Sometimes It Just Take a Parrot: Loner Meets the World in A Bird of the Air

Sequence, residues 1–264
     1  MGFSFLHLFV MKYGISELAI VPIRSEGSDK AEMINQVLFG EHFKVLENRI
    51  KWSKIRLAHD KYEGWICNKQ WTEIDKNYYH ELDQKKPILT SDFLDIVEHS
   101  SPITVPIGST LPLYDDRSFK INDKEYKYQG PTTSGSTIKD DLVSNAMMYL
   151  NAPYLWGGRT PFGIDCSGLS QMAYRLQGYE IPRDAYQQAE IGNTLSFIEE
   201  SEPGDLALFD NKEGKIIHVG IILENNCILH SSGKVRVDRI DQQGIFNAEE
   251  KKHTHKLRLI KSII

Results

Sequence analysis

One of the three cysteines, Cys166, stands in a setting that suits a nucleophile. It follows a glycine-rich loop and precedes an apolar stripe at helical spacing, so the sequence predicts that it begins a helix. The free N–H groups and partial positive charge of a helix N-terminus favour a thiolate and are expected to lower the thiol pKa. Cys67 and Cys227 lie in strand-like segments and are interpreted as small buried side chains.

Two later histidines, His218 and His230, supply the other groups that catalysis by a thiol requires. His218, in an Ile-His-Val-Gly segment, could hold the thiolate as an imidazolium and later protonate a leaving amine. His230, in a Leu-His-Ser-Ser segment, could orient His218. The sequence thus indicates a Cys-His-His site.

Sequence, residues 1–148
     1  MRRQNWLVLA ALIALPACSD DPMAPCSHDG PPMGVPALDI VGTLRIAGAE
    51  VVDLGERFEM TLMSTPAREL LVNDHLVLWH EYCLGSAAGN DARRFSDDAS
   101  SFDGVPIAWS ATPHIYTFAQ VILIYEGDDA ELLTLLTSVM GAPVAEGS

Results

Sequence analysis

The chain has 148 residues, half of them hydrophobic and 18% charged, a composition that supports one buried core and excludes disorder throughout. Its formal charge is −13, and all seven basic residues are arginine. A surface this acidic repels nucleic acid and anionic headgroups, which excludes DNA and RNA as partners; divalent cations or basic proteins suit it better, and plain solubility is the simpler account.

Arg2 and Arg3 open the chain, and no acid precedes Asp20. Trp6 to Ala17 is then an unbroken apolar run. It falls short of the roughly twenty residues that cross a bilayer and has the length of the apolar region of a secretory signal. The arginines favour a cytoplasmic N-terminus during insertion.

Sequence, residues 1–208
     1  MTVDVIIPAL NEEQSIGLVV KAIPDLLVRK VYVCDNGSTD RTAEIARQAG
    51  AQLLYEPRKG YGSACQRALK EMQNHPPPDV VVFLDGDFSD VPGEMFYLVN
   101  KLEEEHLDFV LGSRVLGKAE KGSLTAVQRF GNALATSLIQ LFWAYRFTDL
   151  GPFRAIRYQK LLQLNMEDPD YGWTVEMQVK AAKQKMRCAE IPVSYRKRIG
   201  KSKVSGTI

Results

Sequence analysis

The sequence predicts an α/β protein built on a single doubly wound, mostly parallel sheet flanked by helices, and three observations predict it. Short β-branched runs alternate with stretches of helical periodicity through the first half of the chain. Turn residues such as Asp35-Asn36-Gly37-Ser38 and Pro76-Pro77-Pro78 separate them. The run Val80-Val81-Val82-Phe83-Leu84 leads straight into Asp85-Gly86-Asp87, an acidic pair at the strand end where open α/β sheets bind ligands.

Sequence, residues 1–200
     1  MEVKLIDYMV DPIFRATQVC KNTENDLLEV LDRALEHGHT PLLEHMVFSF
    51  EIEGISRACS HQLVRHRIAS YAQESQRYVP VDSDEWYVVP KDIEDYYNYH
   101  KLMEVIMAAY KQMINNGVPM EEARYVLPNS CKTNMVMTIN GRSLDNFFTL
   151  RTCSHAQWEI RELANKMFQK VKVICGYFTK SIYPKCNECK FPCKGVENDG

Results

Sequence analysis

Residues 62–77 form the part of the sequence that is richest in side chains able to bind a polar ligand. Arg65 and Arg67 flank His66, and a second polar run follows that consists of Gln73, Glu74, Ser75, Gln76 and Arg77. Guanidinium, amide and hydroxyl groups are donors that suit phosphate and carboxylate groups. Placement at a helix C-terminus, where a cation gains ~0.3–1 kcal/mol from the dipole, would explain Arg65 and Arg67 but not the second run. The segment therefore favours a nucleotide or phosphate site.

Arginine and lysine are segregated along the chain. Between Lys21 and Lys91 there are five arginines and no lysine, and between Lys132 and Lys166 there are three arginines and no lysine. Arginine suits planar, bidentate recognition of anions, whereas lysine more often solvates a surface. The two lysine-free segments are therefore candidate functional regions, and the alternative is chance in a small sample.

A benign boilerplate indie character study in which quirky and cute stand in for thorny and troubled, A Bird of the Air, based on the novel The Loop by Texas writer Joe Coomer, revolves around Lyman (Jackson Hurst), a thirtyish isolato who works nights for the New Mexico highway department and by day resists the flirtation of college librarian Fiona (Rachel Nichols). His drain-circling is disrupted when a parrot with a repertoire of cryptic phrases appears at his trailer home. Lyman sets out to trace the origins of the birds vocabulary with Fionas help, working his way through a succession of previous owners (played in appealing cameos by Buck Henry, Anjanette Comer, and Gary Farmer, among others) and eventually coming out of his shell enough to warm to his companion and, by extension, his species. Not a bad premise, but first-time director Margaret Whitton fails to temper the sappiness with real human crustiness, making the stakes for Lyman and Fiona vaporous at best. The cast detracts, too: Fiona, a flighty loner in the book, is a grating twit in Nicholss hands, and Hurst, while likeable, is flat and too hunky. The birds got more charisma, which in a better movie wouldve been the point.
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